A Birmingham property management company has welcomed a major UK government intervention that means leaseholders “trapped” in flats due to the cladding crisis could soon be able to sell or remortgage their properties.
Principle Estate Management said the news from Housing Secretary Robert Jenrick that additional EWS1 safety forms – designed to give assurance for lenders, valuers, residents, buyers and sellers – will no longer be needed for buildings under 18 metres will help to ease the pressure on the housing market.
Concerns over the safety of cladding were raised after the 2017 fire at Grenfell tower in which 72 people died, but a government-commissioned review found there was “no evidence of systemic risk of fire in blocks of flats”, citing evidence that suggested only 9 per cent of blazes were in blocks of flats of four storeys or more.
The review also found that for buildings of that size, just 7 per cent spread beyond the room where it started, adding there were 10 fatalities in blocks of flats over four storeys out of 176 fire-related deaths in 2020.
Andrew Winstanley, the property operations manager at Principle, said: “This paves the way for EWS1 forms to no longer be required for buildings below 18 metres and will help further unlock the housing market.
“This intervention will hopefully reduce the needless and costly remediation in lower rise buildings and restore market confidence allowing flat owners to buy, sell or re-mortgage their homes.
“It’s excellent news that a group of major high street lenders has already committed to review their practices following the new advice.
“The fact that major lenders such as HSBC UK, Barclays, Lloyds and others have said they are supportive of this position will be a great relief for leaseholders who until now have felt trapped in their homes.”
In a written ministerial statement and a speech to MPs, Mr Jenrick said the review brought forward five recommendations to stop what he called the “disproportionate reaction” of lenders to the cladding crisis.
These include removing the need for an EWS1 form on buildings below 18 metres, but in the “small number of cases” where there are concerns, these should be dealt with through “risk management and mitigation”.
Mr Jenrick added there should be “a clear route for residents or leaseholders to challenge costly remediation work and seek assurance that proposals are proportionate and cost-effective”.
The Housing Secretary said the Government should “work with the shadow Building Safety Regulator to consider how to implement an audit process to check that fire risk assessments are following guidelines, not perpetuating the risk aversion we are witnessing, in some instances, at the present time”.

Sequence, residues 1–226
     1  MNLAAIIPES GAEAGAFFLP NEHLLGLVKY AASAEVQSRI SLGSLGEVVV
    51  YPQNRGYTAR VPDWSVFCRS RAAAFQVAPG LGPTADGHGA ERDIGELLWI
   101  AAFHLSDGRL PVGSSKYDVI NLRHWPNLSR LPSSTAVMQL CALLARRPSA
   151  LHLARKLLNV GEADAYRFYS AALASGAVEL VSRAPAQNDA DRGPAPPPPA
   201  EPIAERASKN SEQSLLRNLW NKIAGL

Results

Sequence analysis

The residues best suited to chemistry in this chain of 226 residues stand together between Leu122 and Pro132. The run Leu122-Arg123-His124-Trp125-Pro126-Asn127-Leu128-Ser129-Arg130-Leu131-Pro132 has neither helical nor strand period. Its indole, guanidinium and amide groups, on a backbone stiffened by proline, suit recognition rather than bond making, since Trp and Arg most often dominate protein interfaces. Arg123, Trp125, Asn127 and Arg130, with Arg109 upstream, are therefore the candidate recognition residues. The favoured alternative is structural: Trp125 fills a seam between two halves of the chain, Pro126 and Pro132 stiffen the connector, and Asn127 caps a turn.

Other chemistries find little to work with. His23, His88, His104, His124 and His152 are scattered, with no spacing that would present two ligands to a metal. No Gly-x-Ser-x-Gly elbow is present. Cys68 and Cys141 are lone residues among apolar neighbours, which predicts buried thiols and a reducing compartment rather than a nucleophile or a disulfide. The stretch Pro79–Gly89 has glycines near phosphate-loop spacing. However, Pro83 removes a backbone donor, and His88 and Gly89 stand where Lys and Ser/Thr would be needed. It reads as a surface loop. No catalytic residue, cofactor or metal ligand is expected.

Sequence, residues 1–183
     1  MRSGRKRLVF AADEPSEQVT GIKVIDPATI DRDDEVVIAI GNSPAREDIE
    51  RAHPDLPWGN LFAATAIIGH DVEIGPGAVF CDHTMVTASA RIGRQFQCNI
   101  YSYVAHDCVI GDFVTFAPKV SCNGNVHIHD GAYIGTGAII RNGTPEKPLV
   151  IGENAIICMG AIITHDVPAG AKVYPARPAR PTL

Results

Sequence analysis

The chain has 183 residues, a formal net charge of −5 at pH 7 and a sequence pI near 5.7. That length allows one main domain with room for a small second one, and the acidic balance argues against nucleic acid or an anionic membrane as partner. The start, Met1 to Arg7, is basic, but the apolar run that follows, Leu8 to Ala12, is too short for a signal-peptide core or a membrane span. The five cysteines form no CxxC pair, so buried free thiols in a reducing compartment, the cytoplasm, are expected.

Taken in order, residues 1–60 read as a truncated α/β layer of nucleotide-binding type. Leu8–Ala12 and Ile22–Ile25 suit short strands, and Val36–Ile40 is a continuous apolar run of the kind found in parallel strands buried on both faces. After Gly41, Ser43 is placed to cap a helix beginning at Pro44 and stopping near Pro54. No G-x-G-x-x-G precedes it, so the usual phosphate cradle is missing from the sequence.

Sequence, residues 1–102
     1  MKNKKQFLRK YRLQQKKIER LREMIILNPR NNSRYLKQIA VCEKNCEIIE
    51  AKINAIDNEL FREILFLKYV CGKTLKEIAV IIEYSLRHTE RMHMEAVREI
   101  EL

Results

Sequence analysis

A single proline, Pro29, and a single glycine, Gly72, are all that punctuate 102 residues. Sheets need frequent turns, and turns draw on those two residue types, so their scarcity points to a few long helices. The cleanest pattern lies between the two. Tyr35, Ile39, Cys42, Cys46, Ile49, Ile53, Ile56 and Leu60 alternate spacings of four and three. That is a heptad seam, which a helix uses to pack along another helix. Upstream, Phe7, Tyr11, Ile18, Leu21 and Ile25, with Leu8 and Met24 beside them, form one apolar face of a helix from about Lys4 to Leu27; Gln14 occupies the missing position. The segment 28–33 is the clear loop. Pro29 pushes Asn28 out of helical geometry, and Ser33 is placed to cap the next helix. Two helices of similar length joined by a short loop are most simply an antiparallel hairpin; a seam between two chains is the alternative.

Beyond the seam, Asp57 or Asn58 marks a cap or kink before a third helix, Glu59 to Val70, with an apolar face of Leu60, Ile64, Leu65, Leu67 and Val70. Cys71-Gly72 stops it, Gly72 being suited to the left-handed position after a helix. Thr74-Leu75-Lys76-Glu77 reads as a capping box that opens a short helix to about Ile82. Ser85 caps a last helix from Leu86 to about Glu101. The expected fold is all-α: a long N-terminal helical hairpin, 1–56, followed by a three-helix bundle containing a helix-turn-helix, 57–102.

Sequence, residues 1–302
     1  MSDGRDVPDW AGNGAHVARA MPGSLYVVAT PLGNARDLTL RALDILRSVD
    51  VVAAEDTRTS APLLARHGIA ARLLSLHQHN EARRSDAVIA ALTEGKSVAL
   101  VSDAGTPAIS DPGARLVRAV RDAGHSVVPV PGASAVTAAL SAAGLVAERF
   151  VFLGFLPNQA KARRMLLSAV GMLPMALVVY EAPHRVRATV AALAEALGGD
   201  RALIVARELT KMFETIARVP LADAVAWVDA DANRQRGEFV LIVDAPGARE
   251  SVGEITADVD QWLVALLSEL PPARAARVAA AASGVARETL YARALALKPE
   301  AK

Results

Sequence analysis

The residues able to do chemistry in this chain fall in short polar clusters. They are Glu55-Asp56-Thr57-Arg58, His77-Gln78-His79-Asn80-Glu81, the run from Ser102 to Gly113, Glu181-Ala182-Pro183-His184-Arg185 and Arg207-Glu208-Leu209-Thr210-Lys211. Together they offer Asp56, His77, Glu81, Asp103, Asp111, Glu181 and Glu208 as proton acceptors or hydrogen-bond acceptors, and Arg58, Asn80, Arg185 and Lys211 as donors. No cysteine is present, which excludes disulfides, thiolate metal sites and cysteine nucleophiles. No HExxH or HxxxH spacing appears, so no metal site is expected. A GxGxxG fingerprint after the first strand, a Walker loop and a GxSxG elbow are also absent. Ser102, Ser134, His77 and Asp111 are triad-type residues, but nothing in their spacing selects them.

He added: “Fire risk assessors and lenders should not presume that there is significant risk to life unless there is evidence to support this. This would ensure that they respond only to the evidence and adopt a far more proportionate and balanced approach.”
On the reasoning behind the proposals, Mr Jenrick said there had been “extreme risk aversion” in the housing market in recent years as a result of concerns about the costs of replacing cladding.
In his statement, Mr Jenrick detailed wider reforms, saying: “It is my expectation that these actions will significantly ease the challenges faced by the vast majority of leaseholders looking to buy or sell flats in high-rise buildings and ensure that leaseholders do not face huge bills for unnecessary remediation works.”
Mr Jenrick later told MPs he wants “rip-off” waking watches to be brought to a close “as quickly as possible” except in the most exceptional circumstances.
The update came as the House of Commons considered the Building Safety Bill, which gives a new building safety regulator powers to prosecute rule-breaking developers and take their properties off the market.
The legislation is part of plans to strengthen regulations for high-rise buildings and avert a further tragedy such as the Grenfell Tower blaze.
Shadow housing secretary Lucy Powell accused Mr Jenrick of treating the Commons with “contempt” by releasing details of the new announcements during his speech given MPs have spent weeks preparing for the Bill’s second reading debate.
She said: “We support the majority of what is in the Bill, which at last strengthens regulation of high-rise buildings – although it could go further.
“However, we do have serious concerns about what is not in the Bill. It abandons those leaseholders already trapped in the building safety crisis, and we will seek every avenue to provide cast-iron legal guarantees that have long been promised.”
The Government has previously committed to fund the cost of replacing unsafe cladding for all leaseholders in residential buildings of 18 metres and over in England, and announced a £5 billion investment in building safety.
The introduction of a new levy and a tax will also ensure that industry pays towards the costs of cladding remediation.
Conservative Stephen McPartland (Stevenage) called on the Government to provide support to protect leaseholders from the “devastating mental and financial costs” of historic fire safety defects”.
He said: “Leaseholders are drowning under mountains of debt in properties they cannot sell, they cannot remortgage and are going bankrupt right now.”
Joy Morrissey, Conservative MP for Beaconsfield, also cautioned that the Government is “blocking” its own voters from moving up the housing ladder by not addressing cladding problems.
The Bill later received an unopposed second reading and will undergo further scrutiny at a later date.